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Six Sigma Enabled Service Quality Assessment
– An Engineering College Case Study

Dr M Shanmugaraja
Abstract - In an environment of global competitiveness, it is important that the products of engineering institutions are as competent as graduates of any other country, not only in their scholastic attainments, but also in terms of the value system and richness of their personality. To compete in the World scene, the quality and standard of engineering institutions is to be enhanced and sustained at a high level through innovation, creativity and regular monitoring. To bring excellence in engineering education in India, several management tools, models and approaches are adopted in recent researches. Six Sigma is one of such quality management tools, which is used to achieve quality in product and service. The purpose of this paper is to exhibit the application of Six Sigma approach in an engineering college to appraise the quality of academic performance and to appreciate the ways for educational quality improvement. Keywords - Competitiveness, engineering institution, quality, management tools, Six Sigma, performance appraisal

1. Introduction
In India, service sector has experienced significant augmentation over the past several decades to account a sizeable share in nation’s economy [14]. Among the service industries, education sector is emerging as a major commercial activity in India [13]. As depicted in figure 1, in a report released by University Grand Commission (UGC), India, the total number of universities in India has become 659 on 05.02.2014 that included 312 state owned universities; 129 deemed state universities; 45 central universities; and 173 private universities (www.ugc.ac.in).

Figure 1 Universities in Indian States (Source www.ugc.ac.in) Professor, Department of Aeronautical Engineering,
Park College of Technology, Karumathampatti,
Coimbatore – 641659, Tamilnadu, India
[email protected]; [email protected]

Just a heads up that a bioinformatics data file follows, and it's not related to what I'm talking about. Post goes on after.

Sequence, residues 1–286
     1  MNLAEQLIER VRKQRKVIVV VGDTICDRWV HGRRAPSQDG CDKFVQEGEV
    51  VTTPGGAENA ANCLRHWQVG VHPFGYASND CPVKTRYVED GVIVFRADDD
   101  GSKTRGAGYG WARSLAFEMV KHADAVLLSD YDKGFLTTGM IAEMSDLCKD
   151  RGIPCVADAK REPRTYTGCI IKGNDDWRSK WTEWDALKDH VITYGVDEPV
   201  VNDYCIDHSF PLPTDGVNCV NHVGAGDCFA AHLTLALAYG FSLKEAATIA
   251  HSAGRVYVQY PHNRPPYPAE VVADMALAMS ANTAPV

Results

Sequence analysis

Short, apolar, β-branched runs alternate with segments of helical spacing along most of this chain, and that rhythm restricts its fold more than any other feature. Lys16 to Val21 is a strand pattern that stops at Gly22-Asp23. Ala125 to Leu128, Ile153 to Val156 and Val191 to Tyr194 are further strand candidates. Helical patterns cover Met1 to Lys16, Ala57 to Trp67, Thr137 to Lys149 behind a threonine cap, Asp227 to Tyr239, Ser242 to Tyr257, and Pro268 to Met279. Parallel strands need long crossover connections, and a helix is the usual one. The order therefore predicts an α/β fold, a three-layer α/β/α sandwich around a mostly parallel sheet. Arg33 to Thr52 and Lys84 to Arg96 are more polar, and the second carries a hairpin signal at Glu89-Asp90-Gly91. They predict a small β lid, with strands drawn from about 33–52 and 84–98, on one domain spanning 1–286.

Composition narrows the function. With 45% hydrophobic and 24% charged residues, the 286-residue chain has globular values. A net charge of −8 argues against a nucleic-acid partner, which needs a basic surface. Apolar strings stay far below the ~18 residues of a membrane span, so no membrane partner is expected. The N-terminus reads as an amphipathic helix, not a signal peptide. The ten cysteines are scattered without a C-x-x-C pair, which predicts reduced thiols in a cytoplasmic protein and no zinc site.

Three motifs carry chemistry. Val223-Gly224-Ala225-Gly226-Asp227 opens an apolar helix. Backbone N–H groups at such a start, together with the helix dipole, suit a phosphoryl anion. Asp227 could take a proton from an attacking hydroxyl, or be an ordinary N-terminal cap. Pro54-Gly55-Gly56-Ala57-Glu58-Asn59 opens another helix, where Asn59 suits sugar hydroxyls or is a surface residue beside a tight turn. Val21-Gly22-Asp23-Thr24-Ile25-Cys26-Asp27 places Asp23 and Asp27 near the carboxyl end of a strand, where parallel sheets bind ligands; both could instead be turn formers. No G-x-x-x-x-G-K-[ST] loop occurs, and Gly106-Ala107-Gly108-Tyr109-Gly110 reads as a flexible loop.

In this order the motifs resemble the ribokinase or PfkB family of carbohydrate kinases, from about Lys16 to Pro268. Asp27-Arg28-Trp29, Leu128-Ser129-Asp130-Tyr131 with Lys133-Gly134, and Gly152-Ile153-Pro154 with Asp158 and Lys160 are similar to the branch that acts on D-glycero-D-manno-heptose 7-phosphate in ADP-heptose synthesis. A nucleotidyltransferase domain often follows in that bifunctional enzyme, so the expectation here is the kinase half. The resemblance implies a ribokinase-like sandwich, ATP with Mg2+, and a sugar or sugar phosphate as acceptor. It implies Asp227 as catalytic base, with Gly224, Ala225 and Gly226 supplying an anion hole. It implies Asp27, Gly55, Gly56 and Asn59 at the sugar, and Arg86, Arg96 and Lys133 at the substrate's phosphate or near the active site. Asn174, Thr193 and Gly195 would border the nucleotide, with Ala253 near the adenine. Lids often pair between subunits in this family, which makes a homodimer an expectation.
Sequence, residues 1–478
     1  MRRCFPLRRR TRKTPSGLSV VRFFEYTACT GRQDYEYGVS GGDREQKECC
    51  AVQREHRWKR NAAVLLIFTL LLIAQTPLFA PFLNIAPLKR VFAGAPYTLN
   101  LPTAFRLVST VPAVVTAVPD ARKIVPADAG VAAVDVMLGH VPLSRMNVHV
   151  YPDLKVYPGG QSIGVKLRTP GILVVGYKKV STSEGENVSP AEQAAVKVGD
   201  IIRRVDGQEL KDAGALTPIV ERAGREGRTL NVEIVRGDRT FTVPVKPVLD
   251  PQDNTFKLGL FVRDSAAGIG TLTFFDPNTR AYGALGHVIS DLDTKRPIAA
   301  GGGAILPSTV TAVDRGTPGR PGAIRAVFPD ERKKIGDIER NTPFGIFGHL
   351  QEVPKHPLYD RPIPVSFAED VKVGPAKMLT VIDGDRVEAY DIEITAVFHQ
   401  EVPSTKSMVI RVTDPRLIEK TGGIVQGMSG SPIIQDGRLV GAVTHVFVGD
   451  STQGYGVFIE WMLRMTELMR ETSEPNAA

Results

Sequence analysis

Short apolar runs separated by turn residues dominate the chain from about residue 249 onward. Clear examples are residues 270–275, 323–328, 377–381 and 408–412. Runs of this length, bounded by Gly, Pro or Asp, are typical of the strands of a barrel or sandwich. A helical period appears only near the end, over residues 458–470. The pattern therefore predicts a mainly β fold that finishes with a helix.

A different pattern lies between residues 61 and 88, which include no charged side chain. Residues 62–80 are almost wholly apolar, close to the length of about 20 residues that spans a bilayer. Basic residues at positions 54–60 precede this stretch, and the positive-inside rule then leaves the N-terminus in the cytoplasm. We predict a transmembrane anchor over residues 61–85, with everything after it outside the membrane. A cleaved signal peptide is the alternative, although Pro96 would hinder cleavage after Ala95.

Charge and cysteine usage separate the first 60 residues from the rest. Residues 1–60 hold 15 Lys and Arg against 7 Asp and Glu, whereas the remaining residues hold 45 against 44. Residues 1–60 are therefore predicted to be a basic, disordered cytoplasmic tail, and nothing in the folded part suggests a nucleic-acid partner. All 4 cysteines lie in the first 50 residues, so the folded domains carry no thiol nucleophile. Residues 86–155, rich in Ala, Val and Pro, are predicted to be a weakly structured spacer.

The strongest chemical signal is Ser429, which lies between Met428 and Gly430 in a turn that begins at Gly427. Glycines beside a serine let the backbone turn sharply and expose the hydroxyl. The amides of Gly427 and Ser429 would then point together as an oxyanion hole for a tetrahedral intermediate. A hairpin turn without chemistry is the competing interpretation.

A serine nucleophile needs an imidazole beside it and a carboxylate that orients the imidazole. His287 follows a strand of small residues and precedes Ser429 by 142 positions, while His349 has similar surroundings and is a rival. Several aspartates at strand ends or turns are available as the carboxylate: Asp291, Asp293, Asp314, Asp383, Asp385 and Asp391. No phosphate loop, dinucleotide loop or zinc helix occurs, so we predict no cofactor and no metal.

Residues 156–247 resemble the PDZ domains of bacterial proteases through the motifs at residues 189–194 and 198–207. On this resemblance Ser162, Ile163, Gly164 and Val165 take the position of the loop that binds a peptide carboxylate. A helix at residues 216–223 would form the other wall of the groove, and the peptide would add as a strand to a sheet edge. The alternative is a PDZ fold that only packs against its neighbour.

Besides UGC, All India Council for Technical Education (AICTE) was established in India as a statutory body in 1987, to achieve the planned growth and to nurture quality in technical education system. AICTE has spared no effort to inculcate competitiveness to face the globalization and in generating competence and quality in technically qualified human resources to make it globally acceptable. In the year 2012, Indian engineering education system has found with nearly 3344 institutions in the country with approved student intake of 14,70,000 (from AICTE annual report 2011-2012 available at http:// www. aicte-india.org/ downloads / Annual _ report_11_12.pdf). During last few years, in engineering education sector, the number of self financed colleges has increased in India at an alarming rate with commercial motives and less emphasis is being given to quality of the education being imparted [3]. Raised expectations by academicians, educationists, policy planners and the society have threatened the sustainability of these institutions in the present competitive life [9]. There are many stakeholders like students, managements, government, industries, parents etc. in engineering education sector, and this makes the system very complex [10]. Since students are the primary stakeholders in the system and their primary objective is passing the final examinations to vie for gainful employment, so passing rate of students is being accepted as a parameter to evaluate the privately managed engineering institutions [7]. Moreover, there exists a feeling in the society at large that most of these private Institutions are not up to the mark in terms of delivering the quality education that makes the students market-worthy [12]. The “fitness for purpose” or “value for money” as goes the definition of “quality” [14] may lack significantly. Therefore, the situation can be hypothesized like this. Even though cost of engineering education has gone up due to the entry of private...
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